Valuing Teamwork and Fair Play in Kuroko no Basuke 2

On the tenth day of anime, an anime studio sent to me…

…ten starter players.

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I’ve never been a sports fan. Any sports knowledge I might have is woefully miniscule and would put any bystander to shame. It wasn’t so long ago that I learned that a baseball game has nine innings, touchdowns happened in American football and were worth more than a point each, or that the minimum number of players for a basketball team is ten, with five starters and five bench players.

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I’ve noticed a shift of the shonen protagonist archetype from hot-headed and immature to a more subdued and emotionally calm and introverted nature. Kuroko Tetsuya, the eponymous character of Kuroko no Basuke (translated as “The Basketball Kuroko Plays”), is one such shonen hero that epitomizes a new kind of shonen hero–the quiet, supportive type that holds the team together behind the scenes. 

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Kuroko’s unique set of skills declare the kind of basketball game he aspires to–one where teamwork rather than individual talent takes precedence. As the phantom sixth man on the monstrous basketball team dubbed as the Generation of Miracles, Kuroko’s all too familiar with how destructive and heady the power of winner’s arrogance is on the court–both for the opposing team and the team itself.

I am a supporting actor, a shadow. But a shadow will become darker if the light is stronger and it will make the white of the light stand out. As the shadow of the main actor, I will make you, the light, the number one in Japan.

Prince of Tennis was one of my favorite anime to watch while growing up (however long-winded and overly dramatic the matches were, the characters grew on me). I can’t help but agree with Froggy-kun at Fantastic Memes when he explains how Kuroko no Basket filled a much needed niche in the anime market:

Kuroko no Basuke is more of a new Prince of Tennis than the actual New Prince of Tennis. I’ve always liked the sheer audacity of Prince of Tennis, often in spite of itself, but Kuroko no Basuke took the essential formula that made PoT such a huge commercial hit and polished it in almost every possible aspect.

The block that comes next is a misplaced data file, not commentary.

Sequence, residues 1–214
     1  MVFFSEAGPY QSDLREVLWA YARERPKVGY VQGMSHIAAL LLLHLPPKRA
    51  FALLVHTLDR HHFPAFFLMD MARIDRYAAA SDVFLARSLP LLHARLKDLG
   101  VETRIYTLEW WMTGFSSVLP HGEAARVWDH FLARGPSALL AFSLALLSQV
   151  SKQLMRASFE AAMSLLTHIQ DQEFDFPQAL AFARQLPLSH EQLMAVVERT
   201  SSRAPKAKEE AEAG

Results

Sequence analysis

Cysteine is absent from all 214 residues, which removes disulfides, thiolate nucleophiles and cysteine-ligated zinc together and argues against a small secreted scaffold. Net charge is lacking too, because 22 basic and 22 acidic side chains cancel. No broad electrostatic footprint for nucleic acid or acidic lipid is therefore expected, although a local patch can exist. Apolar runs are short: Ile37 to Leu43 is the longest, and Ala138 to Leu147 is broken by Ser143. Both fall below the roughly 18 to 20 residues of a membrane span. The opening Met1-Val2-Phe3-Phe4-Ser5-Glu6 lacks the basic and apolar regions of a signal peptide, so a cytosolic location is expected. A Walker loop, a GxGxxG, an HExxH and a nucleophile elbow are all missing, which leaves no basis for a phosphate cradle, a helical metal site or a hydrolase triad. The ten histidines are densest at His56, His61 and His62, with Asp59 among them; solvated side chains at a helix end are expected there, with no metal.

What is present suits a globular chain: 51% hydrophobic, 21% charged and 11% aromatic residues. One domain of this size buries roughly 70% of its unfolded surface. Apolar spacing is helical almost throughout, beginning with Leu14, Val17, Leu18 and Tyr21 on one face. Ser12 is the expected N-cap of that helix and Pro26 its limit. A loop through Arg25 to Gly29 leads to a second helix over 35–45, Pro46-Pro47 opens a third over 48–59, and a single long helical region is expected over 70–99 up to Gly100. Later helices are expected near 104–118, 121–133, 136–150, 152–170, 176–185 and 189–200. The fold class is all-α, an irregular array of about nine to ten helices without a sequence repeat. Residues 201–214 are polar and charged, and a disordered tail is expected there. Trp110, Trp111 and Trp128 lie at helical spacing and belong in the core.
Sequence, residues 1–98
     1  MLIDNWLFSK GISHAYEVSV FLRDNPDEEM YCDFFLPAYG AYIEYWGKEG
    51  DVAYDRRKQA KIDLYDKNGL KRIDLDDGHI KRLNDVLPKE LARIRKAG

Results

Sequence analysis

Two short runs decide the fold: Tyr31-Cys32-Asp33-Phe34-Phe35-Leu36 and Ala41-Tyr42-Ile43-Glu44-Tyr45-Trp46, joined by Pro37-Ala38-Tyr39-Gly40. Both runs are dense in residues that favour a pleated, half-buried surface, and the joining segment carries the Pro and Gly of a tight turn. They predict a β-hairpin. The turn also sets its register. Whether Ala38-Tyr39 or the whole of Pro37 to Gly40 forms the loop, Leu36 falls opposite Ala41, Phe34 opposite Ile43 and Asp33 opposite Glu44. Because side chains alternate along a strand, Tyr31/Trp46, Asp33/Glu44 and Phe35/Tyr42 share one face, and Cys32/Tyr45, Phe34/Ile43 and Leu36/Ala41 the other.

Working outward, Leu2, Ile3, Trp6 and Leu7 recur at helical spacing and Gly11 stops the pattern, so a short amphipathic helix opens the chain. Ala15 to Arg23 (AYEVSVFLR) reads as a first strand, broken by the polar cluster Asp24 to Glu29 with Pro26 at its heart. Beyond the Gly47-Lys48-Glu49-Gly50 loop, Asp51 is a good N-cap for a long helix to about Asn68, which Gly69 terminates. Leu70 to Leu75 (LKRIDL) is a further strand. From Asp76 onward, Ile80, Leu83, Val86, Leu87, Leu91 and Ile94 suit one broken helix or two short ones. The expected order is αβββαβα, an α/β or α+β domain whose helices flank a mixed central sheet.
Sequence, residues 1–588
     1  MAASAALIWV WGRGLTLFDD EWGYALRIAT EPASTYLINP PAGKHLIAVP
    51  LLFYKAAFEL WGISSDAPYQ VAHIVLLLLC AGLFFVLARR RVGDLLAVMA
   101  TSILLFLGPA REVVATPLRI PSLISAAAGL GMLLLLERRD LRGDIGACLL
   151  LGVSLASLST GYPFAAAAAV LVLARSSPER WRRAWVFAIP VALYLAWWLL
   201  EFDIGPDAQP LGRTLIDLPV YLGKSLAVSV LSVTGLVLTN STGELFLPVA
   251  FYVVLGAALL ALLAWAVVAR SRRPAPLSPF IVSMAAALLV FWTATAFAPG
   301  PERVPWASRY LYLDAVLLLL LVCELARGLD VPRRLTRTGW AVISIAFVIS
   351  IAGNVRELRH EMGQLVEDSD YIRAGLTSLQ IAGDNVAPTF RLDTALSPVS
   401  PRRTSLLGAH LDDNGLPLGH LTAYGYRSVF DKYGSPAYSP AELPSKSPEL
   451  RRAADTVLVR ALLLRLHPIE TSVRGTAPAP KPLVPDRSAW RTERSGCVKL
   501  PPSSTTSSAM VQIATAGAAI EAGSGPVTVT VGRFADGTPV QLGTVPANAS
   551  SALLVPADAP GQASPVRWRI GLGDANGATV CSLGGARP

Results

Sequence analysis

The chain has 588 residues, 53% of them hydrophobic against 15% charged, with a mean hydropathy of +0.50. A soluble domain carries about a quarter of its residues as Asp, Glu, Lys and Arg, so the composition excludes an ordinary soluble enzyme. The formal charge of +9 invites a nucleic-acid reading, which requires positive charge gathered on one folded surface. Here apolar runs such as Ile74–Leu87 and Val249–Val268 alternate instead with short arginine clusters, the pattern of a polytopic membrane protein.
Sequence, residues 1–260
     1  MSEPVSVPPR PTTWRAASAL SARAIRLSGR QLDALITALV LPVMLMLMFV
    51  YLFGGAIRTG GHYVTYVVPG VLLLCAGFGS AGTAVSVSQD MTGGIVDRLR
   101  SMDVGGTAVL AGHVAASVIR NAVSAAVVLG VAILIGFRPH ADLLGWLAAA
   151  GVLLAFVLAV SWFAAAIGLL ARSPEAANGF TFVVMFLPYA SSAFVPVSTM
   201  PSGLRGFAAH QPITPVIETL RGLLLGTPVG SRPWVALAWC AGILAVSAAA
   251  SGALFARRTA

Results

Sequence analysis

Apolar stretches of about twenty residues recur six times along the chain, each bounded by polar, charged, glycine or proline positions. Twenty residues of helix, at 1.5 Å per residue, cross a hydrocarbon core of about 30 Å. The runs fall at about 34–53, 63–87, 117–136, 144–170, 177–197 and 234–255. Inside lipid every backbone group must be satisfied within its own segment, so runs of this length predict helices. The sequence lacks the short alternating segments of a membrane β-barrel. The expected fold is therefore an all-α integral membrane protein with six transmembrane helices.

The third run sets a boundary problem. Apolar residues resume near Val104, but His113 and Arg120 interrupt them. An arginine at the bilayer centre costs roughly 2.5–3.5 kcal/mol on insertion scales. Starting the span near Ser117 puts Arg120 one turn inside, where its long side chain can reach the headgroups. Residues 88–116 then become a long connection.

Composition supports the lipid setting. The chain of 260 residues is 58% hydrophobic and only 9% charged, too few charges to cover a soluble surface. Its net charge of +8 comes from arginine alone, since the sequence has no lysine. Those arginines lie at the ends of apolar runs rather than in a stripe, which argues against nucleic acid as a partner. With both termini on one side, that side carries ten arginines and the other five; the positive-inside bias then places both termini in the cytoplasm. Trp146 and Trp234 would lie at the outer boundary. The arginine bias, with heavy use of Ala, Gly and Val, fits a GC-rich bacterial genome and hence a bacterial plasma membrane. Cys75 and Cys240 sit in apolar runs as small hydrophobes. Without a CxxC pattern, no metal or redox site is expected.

Besides slick and wonderfully animated basketball sequences, Kuroko pulls no punches with some fine characterization. Kuroko’s no powerhouse all-rounder like Echizen Ryoma, but his evasive passing tactics help bring the Seirin team and its already solid teamwork up to a whole new level. His playing style–along with his newly perfected Vanishing Drive–gives the extra push Seirin needs to level the playing field against the dirty game Kirisaki Dai Ichi brings in their Pre Winter Cup match.

While Kuroko is deeply critical of how the Generation of Miracles plays basketball, Hanamiya “Play until we break them” philosophy is possibly the worst match-up for Kuroko and Seirin. Above all, Kuroko values the fun and family camaraderie that the sport brings and seeing Hanamiya’s violent tactics at hand is what pushes him over the edge, showing us a dark side to him, exuding an aura not unlike that of the former teammates he condemns.

Hanamiya trash talks to the wrong person...
Hanamiya trash talks to the wrong person…
Later in the locker room...
Later in the locker room…

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"You are so going to die, Hanamiya."
“You are so going to die, Hanamiya.”

I love this moment in the match because it reminds us how it’s not just Kagami we should watch out for, but Kuroko himself. The show puts a lot of emphasis on Kagami’s potential as becoming an equal to the Generation of Miracles’ level of play (even to the point where he’s already metaphorically “knocking” on the door to their level) but that Kuroko is a terrifying trump card when pushed. Which totally works with the light-and-shadow metaphor they’ve got going on in the show. The brighter the light, the darker the shadow becomes. Though Kuroko seems to have a steadier head on his shoulders compared to the fiery Kagami, one can’t help wonder if Kuroko might unwillingly be pushed to empathize with the frustration and clinical cruelty of his former teammates if he develops his skills enough to the point where his style evolves from mere support to more domineering aggression. Teamwork so far for the Seirin team has been using one’s individual strengths to cover others’ weaknesses, but what happens once the weaknesses are overcome? What sort of team will Seirin become? It’s an interesting question that the series has yet to answer.

I would attempt to say something about the juxtaposition of light and shadow, color and darkness in this caption but it just looks really cool.
I would attempt to say something about the juxtaposition of light and shadow, color and darkness in this caption but it just looks really cool.
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